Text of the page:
Also of interest... in diseases and other contagions
by Stephen and Owen King (Scribner, $32.50)
Stephen King’s first collaboration with his son Owen riffs on Sleeping Beauty, and it’s “sleepy in its own right,” said Janet Maslin in The New York Times. In a small Appalachian town, a virus is causing women to fall into a deep slumber and be cocooned by tendrils. But despite the central role given to a witchy beauty who commands an army of moths, the 700-page book is short on thrills, provocative ideas, and striking characters. Though scores of people are introduced, “very few of them spring to life.”
The Asshole Survival Guide
by Robert Sutton (Houghton Mifflin Harcourt, $28)
“This is a small book, but it could play a big part in making us treat others better,” said Roger Trapp in Forbes.com. Following up his 2007 best-seller The No Asshole Rule, management guru Robert Sutton focuses this time on how to deal with toxic people and how to figure out if you’re one yourself. He presents plenty of evidence that bad behavior spreads, and that it damages organizations and lives. Best for middle managers, the book offers important lessons for leaders, too.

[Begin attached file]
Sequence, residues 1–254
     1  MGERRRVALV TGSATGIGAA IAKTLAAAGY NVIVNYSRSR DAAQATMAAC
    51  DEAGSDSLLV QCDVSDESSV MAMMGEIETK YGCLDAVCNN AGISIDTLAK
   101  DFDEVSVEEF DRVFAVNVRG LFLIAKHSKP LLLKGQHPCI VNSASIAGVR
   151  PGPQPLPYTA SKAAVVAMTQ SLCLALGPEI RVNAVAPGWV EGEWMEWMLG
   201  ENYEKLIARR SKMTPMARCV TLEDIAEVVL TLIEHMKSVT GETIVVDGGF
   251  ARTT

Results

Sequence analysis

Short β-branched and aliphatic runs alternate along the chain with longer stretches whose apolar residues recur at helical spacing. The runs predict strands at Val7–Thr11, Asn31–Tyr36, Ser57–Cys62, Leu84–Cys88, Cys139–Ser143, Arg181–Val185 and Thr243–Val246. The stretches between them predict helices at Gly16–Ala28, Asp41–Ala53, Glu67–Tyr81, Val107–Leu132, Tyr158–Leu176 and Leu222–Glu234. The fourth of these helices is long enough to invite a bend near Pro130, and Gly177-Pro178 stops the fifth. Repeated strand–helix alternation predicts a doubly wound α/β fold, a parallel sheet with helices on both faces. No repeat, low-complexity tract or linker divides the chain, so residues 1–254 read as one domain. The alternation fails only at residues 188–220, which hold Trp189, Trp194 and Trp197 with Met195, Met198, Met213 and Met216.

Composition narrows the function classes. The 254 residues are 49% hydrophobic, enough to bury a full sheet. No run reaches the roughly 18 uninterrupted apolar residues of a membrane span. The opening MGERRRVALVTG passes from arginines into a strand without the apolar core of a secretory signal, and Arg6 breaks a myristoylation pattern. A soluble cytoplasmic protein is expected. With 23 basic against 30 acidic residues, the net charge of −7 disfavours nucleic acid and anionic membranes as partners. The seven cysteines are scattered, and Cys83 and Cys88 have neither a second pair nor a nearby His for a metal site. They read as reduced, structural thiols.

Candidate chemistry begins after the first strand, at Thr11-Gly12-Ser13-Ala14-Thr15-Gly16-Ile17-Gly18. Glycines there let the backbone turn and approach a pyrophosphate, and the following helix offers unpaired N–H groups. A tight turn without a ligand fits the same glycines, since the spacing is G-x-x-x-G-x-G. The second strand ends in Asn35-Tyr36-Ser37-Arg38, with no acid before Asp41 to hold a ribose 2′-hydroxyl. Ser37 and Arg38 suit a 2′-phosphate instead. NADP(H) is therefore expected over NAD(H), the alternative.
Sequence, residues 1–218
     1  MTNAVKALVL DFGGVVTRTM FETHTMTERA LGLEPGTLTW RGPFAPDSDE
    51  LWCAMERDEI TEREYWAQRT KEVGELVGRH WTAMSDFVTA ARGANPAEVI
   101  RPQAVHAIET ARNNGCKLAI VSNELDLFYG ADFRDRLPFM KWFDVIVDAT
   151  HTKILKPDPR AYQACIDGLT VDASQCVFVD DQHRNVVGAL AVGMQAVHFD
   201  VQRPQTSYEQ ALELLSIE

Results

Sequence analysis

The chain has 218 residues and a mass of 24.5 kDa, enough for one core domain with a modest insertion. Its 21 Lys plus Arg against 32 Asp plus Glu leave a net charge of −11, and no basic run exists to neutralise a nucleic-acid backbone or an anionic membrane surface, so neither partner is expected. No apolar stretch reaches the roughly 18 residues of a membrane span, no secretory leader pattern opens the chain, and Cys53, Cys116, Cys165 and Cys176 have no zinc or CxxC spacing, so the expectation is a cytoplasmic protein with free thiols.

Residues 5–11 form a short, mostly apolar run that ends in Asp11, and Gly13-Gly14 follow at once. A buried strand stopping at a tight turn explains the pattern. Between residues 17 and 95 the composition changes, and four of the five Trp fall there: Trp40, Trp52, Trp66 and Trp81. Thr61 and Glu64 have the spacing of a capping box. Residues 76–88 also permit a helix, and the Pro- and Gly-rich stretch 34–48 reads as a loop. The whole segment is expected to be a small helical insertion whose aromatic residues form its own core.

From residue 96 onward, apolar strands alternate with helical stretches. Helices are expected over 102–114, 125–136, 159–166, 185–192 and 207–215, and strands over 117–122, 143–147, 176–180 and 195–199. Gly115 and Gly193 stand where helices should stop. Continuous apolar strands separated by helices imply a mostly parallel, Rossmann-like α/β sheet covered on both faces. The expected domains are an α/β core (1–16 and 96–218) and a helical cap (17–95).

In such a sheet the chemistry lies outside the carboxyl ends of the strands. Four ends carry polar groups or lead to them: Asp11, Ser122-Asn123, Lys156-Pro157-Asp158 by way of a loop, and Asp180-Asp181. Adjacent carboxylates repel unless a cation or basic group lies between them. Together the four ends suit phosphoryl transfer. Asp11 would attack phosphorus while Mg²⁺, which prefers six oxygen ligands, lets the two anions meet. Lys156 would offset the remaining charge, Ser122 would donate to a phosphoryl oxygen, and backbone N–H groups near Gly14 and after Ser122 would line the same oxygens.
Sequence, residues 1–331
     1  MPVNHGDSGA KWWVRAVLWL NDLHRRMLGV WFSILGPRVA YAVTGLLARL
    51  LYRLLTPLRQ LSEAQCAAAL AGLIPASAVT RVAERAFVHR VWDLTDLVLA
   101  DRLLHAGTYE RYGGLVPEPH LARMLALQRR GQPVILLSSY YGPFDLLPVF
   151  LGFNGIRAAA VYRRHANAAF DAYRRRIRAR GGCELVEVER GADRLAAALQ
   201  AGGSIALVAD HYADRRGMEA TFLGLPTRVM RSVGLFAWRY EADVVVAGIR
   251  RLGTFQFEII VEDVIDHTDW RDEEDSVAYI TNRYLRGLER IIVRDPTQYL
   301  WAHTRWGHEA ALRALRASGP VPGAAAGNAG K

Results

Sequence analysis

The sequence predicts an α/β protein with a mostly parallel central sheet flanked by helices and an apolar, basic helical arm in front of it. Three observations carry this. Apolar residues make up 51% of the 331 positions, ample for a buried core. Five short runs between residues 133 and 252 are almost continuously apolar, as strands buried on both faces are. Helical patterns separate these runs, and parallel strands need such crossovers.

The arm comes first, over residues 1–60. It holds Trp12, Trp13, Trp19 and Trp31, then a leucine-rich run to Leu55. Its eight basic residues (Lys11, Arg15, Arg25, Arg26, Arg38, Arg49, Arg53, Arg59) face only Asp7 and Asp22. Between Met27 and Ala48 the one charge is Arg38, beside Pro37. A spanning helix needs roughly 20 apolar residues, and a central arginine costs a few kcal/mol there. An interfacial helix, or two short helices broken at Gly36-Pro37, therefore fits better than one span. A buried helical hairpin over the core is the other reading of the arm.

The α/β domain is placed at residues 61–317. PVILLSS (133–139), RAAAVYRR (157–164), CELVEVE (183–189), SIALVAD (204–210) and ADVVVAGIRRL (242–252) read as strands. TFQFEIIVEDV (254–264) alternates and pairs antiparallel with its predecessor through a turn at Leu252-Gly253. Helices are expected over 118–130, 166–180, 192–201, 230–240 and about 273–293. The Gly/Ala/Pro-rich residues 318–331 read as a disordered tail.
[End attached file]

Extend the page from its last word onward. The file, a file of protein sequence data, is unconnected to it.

by Laura Spinney (PublicAffairs, $28)
Too often we forget the one 20thcentury event that was probably deadlier than any war, said Tilli Tansey in Nature. In her look at the 1918 flu pandemic that killed as many as 100 million people, journalist Laura Spinney argues that the catastrophe faded from memory because, though it burnt out, no nation could claim to have defeated it. Her account is “packed with fascinating detail,” circling outward from three potential Patient Zeros to show how governments failed, and what they learned.
I Know Your Kind
by William Brewer (Milkweed, $16)
William Brewer’s poetry captures the effects of America’s opioid epidemic in “a way that statistics, figures, and journalism cannot,” said Mike Good in PShares.org. The simple absence of straight narrative “helps arrest the notion that a straight path exists between dependence and sobriety.” Brewer’s verse wanders into politics, economics, and Greek myth. But he puts individual addicts front and center, and the combination of a refined style and rough content “creates a startling experience.”